Anyway, we got to the worksite--actually worksites--today at 8 AM. They were two houses across the street from each other in north Minneapolis and we were doing demolition work. With plenty of people, we split between the houses. I went upstairs in our house and spent several hours removing spare nails, staples, and screws from every square inch of the gutted rooms. The original builders (it was a fairly new house that had had mold problems) has been a bit overzealous with the staples--they had secured the carpet at roughly half-inch intervals and each bathroom (there were two master bathrooms) had about thirty or forty full-sized staples at random locations.
Midmorning we had John, one of the Urban Homeworks staff and a former pastor, come and give us the "doodle"--a twenty-minute talk about Urban Homeworks' ideals with visual aids scrawled on the side of a box. The houses had been damaged by the tornado a few years ago; they'd had their hands full ever since. I hadn't realized how significant the difference between renting and owning homes was to north Minneapolis--many homes are in disrepair because their owners live elsewhere. Urban Homeworks is trying to help low-income families "own' their communities and feel at home there.
Anyway, soon after that we started applying a water sealer to the basement. (Apparently concrete is pretty permeable to water) It was pretty much like painting, but the holes in the wall made it hard to cover everything. Rolling the walls until we ran out of sealer took pretty much the rest of the afternoon, afterwards we went on a tour of Minneapolis, similar to the one we took in our first week in Milwaukee. I thought I knew the city pretty well, but we went to places--entire neighborhoods--I didn't even know existed. It drove home the point John had made earlier about the problems in north Minneapolis and Urban Homeworks' goals.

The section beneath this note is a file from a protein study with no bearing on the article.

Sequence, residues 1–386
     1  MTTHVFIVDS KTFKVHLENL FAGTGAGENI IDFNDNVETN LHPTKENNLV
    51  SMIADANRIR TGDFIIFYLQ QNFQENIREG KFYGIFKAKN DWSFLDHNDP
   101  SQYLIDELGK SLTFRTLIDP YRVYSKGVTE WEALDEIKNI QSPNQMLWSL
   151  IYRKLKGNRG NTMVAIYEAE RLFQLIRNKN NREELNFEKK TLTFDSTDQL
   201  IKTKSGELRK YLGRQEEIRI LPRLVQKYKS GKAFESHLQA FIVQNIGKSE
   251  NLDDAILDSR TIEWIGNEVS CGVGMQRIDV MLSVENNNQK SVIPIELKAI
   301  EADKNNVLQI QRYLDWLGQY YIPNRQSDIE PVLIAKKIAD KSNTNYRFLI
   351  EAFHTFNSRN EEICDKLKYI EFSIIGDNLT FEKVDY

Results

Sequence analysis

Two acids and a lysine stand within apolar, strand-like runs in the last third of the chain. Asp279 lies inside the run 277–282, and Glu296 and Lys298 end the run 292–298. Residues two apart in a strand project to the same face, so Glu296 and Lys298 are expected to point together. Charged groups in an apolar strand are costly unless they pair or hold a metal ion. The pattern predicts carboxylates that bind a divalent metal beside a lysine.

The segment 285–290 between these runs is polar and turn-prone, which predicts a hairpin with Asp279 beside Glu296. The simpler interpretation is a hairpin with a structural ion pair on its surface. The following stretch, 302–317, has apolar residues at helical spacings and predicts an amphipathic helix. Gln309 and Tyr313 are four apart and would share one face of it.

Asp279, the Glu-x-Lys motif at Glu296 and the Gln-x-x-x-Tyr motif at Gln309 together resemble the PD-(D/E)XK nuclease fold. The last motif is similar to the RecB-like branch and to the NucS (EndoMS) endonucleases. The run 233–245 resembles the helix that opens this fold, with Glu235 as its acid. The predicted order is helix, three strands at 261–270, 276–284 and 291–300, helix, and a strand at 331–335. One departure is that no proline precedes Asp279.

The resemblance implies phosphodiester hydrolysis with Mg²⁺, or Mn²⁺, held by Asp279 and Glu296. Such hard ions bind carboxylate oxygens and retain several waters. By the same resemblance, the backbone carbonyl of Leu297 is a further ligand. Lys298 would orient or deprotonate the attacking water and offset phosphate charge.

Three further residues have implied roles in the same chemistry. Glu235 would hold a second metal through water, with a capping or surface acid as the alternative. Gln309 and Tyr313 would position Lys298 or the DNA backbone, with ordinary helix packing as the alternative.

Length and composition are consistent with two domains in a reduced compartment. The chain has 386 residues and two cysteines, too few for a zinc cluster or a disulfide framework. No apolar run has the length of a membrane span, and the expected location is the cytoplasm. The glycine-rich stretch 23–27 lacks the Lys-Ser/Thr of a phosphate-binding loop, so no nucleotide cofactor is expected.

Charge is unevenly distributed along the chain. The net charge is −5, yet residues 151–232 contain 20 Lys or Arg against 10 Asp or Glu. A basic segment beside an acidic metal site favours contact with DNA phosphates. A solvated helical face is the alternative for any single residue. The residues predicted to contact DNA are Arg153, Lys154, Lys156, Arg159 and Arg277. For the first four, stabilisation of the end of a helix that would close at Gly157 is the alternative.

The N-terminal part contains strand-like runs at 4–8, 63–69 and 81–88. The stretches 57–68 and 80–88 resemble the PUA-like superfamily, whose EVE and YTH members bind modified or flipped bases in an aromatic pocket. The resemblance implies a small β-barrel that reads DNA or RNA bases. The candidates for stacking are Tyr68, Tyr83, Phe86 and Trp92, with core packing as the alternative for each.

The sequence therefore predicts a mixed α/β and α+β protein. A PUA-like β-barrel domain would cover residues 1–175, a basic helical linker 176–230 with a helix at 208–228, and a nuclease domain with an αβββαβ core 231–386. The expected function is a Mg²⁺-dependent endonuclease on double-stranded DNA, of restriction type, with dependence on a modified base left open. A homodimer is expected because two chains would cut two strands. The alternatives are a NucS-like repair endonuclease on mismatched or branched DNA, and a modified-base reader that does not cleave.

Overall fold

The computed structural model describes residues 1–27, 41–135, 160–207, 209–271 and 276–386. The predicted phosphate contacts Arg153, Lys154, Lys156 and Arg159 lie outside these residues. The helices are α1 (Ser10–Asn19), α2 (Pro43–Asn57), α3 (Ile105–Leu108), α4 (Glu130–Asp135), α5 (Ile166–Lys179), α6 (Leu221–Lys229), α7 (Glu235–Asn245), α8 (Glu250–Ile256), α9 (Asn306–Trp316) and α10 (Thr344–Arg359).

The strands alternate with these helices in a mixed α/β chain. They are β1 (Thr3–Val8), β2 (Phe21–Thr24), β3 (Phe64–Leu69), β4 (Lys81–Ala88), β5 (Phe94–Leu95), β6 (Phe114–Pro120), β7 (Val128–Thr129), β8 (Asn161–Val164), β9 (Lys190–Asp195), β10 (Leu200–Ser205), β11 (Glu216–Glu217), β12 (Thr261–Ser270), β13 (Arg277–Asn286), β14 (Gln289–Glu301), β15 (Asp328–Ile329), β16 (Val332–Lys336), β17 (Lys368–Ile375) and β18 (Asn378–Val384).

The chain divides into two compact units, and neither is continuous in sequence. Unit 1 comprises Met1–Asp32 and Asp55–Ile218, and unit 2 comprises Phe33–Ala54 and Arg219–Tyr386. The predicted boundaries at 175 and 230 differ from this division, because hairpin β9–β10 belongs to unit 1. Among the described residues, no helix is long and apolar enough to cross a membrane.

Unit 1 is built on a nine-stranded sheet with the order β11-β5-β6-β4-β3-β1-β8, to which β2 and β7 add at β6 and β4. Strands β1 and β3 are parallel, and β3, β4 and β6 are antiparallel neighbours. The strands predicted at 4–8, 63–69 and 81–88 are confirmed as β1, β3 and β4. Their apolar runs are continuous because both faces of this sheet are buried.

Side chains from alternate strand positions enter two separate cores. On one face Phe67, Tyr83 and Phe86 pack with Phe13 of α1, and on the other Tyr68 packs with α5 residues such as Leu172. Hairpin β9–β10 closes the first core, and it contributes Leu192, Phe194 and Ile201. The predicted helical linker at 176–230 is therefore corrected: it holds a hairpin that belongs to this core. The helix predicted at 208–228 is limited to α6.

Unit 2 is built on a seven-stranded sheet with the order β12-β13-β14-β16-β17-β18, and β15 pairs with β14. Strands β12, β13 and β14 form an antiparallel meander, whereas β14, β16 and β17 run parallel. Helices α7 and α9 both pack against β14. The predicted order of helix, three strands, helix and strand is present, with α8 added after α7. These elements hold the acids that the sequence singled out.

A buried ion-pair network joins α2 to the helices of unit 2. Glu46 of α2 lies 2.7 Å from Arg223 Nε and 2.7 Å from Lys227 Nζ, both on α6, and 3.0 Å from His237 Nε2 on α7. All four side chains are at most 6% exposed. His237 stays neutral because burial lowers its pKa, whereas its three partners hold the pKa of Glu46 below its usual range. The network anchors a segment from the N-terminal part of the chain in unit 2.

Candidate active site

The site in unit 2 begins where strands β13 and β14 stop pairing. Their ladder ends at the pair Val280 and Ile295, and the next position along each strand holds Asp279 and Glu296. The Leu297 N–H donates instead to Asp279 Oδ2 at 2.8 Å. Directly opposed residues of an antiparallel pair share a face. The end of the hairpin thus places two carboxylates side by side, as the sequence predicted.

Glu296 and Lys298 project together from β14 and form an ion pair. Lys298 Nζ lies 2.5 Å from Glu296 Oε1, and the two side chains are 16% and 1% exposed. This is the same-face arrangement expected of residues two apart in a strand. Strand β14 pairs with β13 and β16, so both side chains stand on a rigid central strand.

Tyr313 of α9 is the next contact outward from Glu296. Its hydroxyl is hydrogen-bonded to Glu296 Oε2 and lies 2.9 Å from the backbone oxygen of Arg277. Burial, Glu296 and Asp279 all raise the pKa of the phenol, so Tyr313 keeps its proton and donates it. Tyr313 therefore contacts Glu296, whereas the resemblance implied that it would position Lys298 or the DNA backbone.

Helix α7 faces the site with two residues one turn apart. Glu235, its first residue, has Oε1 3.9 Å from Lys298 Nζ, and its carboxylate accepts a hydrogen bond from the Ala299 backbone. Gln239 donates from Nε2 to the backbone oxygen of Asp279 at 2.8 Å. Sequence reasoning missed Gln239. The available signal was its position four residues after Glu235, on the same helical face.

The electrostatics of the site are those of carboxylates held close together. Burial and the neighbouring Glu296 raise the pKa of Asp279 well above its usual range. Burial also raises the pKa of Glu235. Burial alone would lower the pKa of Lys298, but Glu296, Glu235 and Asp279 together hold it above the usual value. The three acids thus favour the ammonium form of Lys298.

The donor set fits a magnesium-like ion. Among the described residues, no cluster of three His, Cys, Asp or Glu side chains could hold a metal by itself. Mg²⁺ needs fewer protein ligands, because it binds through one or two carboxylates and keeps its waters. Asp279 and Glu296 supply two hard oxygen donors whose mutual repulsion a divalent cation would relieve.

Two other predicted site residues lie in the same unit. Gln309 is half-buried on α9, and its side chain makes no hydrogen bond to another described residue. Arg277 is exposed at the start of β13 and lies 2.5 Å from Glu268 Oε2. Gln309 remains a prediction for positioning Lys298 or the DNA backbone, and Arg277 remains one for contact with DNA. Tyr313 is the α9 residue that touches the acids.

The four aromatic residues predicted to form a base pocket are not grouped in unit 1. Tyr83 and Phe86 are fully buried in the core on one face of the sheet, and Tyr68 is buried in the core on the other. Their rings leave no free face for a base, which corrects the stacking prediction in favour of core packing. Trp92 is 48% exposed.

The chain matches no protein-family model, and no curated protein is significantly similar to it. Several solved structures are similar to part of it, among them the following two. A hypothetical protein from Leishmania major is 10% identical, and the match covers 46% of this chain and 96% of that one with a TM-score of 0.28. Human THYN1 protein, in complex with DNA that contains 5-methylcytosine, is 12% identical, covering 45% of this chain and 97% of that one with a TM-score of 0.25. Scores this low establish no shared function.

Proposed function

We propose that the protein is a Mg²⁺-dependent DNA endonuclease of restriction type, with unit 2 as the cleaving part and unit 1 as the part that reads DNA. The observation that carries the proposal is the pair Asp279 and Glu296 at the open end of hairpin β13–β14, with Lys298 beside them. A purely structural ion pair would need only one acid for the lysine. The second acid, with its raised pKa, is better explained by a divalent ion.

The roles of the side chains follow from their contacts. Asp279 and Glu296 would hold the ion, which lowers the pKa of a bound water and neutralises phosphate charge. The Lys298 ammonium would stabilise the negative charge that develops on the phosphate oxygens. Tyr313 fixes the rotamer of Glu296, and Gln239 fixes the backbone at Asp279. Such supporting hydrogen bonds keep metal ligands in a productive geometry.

For dinner we visited some of the "urban neighbors" John had mentioned, living above a low-income family in a renovated home, where we ate Mexican food with them, introduced ourselves, and heard about their experiences as neighbors in a community they would otherwise have avoided. One of the guys, Erik, had been an urban neighbor for several years after traveling the world and figuring out what to do with his life. He was one of the most interesting people I've met in a while and ate five and a half enchiladas. (I think he could be a competitive eating star, but he's in law school)
Tonight we watched The Breakfast Club (I can't believe I hadn't seen that before) back at the "Hotel Legault". I'm still processing all the stuff I learned today, but it was well-timed--I'm seriously thinking about where in Minneapolis I want to live after college.